There are several requirements necessary for a consummate Spring walk in Crete. Wild flowers of course, with sweet-scented blossom of almond, wild pear – and that “loveliest of trees,” the cherry ; tracks, footpaths, and maybe an old ‘kalderimi’ linking small villages ; olive groves, with perhaps a wayside orange tree for a fresh ‘portokalada’ ; isolated but well-kept churches or chapels to visit ; a deep valley with a rippling river and maybe a waterfall ; views to distant hills and mountains ; some local history, and – not that we get them here – a location “far from the madding crowd.”
As a bonus, a cafenion to enjoy a coffee before, and maybe relax after the walk.
Here’s a walk close to Paleochora which “ticks all the boxes” above, approx. 12 km and circular, which you could complete in around four hours, or spend most of the day …. You’ll need to drive, or take a taxi, to Voutas, 12 km and 20 minutes away from Paleochora. After a coffee in the platea there, continue 2 km on the Chania road to a junction under a huge rock, and park just below by a bridge, on the road to Moustakos.
Start by crossing the bridge above the brook, babbling on for ever until it becomes the Pelakaniotikos river, reaching the sea near Plakaki beach. Then take the track left, alongside the valley, first dipping, then rising gradually through olive groves. Avoiding all side tracks, reach a sharp bend right (faded blue arrow), and continue uphill, the views north gradually opening up. Wild flowers will vary, but purple lupins, the bright yellow of gorse bushes, verbascum and Jerusalem sage, and white/pink cistus will be predominant.
Eventually the track reaches another bend, this time to the left, but look straight ahead to find a narrow kalderimi – donkey path (see the image at the start of this article) – which leads to another track, and then walk left, up to the surfaced road close to the Kalamiou village sign. Just above the first house, turn right down into the platea where there is a cold water spring and a shady (and hollow) plane tree.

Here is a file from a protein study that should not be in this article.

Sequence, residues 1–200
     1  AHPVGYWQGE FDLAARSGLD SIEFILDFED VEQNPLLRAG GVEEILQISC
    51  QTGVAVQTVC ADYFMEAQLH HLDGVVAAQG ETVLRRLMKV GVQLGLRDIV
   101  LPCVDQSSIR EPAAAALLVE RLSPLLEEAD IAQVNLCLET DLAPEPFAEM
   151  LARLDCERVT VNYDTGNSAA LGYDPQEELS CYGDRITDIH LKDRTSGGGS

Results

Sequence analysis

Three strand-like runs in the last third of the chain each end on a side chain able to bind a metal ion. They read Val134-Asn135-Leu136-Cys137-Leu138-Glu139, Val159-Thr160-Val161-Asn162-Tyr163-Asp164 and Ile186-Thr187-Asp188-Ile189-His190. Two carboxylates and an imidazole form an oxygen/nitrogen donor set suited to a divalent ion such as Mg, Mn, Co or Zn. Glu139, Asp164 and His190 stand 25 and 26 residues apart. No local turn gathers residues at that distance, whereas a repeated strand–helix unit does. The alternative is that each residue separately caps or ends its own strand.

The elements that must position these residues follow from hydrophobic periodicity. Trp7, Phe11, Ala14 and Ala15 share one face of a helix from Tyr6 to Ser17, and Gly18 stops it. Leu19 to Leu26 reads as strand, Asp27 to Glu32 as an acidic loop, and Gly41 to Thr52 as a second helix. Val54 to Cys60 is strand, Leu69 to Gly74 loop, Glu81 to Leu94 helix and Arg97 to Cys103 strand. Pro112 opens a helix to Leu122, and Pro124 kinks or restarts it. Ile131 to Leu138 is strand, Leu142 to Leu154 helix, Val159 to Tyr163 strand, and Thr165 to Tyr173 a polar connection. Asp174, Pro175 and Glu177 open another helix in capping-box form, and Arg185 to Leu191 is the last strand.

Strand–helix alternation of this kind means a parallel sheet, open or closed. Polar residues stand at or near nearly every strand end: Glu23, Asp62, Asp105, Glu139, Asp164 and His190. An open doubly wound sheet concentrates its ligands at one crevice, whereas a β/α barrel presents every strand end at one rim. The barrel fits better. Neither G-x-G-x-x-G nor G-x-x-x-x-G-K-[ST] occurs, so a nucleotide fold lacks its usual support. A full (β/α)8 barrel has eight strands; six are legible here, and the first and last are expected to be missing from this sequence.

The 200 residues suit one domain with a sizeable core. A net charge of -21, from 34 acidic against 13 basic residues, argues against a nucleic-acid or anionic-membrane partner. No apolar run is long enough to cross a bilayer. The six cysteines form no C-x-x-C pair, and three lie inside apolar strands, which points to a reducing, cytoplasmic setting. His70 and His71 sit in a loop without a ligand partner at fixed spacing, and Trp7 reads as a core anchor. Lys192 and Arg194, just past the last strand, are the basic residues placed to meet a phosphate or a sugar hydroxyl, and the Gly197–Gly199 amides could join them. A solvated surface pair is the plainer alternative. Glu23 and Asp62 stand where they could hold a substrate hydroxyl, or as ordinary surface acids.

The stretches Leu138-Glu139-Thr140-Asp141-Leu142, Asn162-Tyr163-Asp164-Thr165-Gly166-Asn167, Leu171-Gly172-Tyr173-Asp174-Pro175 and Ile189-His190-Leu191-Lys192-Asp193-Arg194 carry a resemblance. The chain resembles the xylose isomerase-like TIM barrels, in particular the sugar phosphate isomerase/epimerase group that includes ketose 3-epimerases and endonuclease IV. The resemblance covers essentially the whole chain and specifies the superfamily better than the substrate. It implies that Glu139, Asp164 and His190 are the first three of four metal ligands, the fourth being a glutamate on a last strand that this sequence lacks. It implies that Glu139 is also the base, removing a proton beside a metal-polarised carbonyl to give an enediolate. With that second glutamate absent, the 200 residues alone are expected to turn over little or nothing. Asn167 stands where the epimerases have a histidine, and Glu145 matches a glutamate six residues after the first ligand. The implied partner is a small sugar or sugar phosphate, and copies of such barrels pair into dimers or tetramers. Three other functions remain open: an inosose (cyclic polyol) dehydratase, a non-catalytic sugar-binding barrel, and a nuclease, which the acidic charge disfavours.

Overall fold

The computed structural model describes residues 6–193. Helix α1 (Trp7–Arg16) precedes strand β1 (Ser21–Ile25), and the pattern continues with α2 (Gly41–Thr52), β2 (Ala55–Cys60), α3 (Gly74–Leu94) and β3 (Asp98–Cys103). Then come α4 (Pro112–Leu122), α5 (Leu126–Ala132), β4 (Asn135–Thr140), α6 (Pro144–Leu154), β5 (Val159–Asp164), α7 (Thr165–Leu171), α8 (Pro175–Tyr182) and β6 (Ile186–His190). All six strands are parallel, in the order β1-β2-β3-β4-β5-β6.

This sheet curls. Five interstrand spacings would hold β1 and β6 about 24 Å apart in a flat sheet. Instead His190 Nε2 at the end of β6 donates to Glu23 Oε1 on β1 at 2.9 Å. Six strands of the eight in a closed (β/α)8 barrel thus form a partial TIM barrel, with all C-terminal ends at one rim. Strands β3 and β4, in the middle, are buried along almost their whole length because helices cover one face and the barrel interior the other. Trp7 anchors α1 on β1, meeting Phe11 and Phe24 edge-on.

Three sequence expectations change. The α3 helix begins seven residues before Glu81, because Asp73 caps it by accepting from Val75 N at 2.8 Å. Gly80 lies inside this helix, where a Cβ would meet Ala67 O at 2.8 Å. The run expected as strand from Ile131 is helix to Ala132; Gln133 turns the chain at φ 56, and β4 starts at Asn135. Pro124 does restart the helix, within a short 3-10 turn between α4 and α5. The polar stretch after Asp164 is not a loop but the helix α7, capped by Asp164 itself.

As with many inland villages, the population here has declined, to now only four permanent residents. But there are signs of restoration and renovation, and at least in summer, Kalamiou will flourish.
After a rest, take the steps directly behind the plane tree (blue waymarking), but soon swing up right, on another old pathway which once connected here with Sklavopoula. All too soon the path ends, and you’ll need to scramble (easily) up to join a wider track, which leads once again to the road. A few metres on is a ditch/pond, often with croaking frogs and bullrushes. Turn right here, easy walking, slightly downhill, to reach a fork – the right leads past a derelict Fiat 500 to a house – but where you take the left.
This doesn’t look at all promising, but persevere downhill, around to a wire gate and meet a wider track, which will take you to the little white church of Ag. Astratigos. En route is more open country and the views widen, to Moustakos village below the massif of Ag. Dhikeos, summit 1,181m, and across the valley to Vothiana, which we will pass by later.